Tuesday, September 11, 2012

Return to Ravnica Impressions

I'm operating from the Return to Ravnica spoiler on mtgsalvation.com.

The original Ravnica was known for a brilliant Limited environment and the mechanics are generally geared toward this. The result of which were nine barely memorable abilities and one that was so strong that it impacted Magic's oldest format, Vintage. This, to me, is not an excellent block, long term. It did a great many things for the game however and got players back in after the debacle of Mirrodin and boredom of Kamigawa.

Nevertheless; when was the last time you saw a deck using any other mechanic from Ravnica aside from Dredge?

No, Ravnica got most of its mileage from a series of really strong or useful cards, ranging from the common at Lightning Helix, to the rare, like Loxodon Hierarch. It also benefited from a series of strong 'personality' cards: namely the guild leaders and their head monsters. Not all of them were what I'd call good (I'm looking at you, Ulasht, the Hate Seed) but they were at least interesting and give the block character! Players could feel like they were interacting with a new world.

Which is one reason I'm worried about the use of Planeswalkers in the latest block.

I understand that Planeswalkers are part of a branding thing and need to be present in each block but I think they're doing a disservice to the community at large by shoehorning them into every storyline. Innistrad was a mess from a story perspective and Planeswalkers were a big chunk of the reason why: they were a distraction from the main action and had no impact on the actual storyline, despite being injected into the scene.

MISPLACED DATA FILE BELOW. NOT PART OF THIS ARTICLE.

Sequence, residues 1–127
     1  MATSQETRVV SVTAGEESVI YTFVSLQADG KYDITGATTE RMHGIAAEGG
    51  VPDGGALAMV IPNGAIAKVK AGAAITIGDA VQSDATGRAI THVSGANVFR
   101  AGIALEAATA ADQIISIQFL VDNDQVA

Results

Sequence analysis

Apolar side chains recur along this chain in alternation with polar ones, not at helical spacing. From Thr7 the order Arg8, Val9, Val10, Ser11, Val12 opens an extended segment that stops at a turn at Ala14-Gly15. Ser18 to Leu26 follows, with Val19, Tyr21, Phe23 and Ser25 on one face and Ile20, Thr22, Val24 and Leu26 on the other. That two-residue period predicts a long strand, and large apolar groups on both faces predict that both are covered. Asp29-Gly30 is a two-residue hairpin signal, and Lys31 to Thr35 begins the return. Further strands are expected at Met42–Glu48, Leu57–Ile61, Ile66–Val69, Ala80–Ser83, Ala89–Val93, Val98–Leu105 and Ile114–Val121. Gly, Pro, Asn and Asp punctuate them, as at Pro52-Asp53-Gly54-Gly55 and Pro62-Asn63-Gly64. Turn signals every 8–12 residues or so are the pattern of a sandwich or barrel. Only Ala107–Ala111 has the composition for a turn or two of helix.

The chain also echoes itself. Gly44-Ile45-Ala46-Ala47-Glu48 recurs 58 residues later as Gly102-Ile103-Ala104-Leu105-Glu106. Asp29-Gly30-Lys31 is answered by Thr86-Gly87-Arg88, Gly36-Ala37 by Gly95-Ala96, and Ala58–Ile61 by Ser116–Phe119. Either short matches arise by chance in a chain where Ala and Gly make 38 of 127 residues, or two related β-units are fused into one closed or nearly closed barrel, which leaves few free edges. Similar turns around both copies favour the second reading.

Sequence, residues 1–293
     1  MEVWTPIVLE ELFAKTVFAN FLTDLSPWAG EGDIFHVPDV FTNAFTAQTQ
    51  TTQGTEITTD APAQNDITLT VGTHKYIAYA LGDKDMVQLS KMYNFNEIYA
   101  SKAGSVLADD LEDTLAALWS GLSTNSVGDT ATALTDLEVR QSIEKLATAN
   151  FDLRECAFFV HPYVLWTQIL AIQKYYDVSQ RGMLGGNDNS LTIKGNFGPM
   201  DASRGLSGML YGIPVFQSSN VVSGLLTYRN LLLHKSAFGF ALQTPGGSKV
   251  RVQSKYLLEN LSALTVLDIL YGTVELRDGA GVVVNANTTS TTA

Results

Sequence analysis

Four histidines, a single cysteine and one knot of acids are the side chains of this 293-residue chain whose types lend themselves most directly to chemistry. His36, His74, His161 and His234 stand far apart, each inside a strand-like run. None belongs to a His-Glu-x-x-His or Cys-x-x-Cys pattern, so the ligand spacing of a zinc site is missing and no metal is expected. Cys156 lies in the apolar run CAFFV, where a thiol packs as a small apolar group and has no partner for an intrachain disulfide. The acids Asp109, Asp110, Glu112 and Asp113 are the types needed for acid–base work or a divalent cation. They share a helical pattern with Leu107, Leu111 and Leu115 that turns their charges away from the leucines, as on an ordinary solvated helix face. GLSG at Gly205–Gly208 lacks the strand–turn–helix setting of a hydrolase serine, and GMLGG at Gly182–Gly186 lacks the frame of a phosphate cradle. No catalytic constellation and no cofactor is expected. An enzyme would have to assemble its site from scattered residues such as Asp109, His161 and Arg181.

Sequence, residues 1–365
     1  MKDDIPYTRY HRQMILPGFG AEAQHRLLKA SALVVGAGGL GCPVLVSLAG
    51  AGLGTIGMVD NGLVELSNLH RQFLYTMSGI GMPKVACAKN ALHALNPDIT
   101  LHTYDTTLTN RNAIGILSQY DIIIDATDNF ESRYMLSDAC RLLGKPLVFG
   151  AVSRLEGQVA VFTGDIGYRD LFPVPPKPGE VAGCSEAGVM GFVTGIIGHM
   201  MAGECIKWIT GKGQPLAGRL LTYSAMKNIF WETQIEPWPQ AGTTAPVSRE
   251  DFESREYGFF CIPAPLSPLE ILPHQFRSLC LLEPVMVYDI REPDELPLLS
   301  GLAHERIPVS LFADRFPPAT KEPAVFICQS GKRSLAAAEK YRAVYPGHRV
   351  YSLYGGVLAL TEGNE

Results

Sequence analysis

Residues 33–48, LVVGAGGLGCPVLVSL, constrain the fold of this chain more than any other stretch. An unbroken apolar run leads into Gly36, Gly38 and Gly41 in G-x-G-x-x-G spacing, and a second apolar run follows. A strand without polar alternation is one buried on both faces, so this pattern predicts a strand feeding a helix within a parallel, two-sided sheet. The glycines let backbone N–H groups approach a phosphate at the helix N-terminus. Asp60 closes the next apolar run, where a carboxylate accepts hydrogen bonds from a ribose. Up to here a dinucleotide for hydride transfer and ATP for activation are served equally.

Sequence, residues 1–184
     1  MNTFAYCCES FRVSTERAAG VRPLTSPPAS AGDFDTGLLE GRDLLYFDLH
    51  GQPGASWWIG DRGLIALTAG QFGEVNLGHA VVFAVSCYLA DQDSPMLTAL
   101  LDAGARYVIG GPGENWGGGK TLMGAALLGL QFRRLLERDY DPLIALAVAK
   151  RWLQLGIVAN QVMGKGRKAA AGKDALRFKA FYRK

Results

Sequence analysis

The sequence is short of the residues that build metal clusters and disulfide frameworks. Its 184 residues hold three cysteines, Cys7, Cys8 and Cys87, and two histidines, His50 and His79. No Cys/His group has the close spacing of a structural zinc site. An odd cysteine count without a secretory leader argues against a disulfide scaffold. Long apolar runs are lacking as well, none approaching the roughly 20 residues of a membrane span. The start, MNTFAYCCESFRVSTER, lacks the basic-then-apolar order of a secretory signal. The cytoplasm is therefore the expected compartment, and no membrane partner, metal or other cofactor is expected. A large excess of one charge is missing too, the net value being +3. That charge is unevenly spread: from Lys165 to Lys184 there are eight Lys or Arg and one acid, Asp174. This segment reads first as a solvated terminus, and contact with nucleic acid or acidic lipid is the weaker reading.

Things would just be better if the Planeswalkers just visited. Sure, from time to time let them participate but otherwise, they ought to stay out of things. On top of that, does anyone really need Jace 4.0 (or Jace Zero as Fuz and I are calling him. So that's Jace, Jace II the FU, Cinnamon Jace and now Jace Zero for those of you keeping track at home.)

Now all that said, the upside does seem to be that characters old and new do seem to be a focus in the new set and hopefully that will help give Return to Ravnica some of the same zing.

As far as the abilities go, the Izzet one, Overload, seems like it's the most versatile. Solid in early game, a blowout in late game and extremely one-sided so it could be very ugly. I like it and so far it feels appropriately costed--which means, challenging for a player like me to work with.

Detain, which belongs to Azorus, seems like the most powerful. Turning off a card for a turn can be a pretty crippling maneuver, especially in colors that have answers to everything: it just gives them more time, which is what they can use best. What I like about it: quiet, powerful, very representative of the guild. What I don't like about it: It's extremely good in a color combination that doesn't need it.

I've heard that Unleash, the Rakdos mechanic, was the hardest one to balance. I can see that: making the R/B tribe aggressive but allowing for situations where defense is called for seems like it would be hard. Out of the five, it's the most workmanlike though: Put counter on dude, swing. Don't put counter on dude, hold off.

Of course the problem is that the right answer, at least so far, is always: put counter on dude, swing.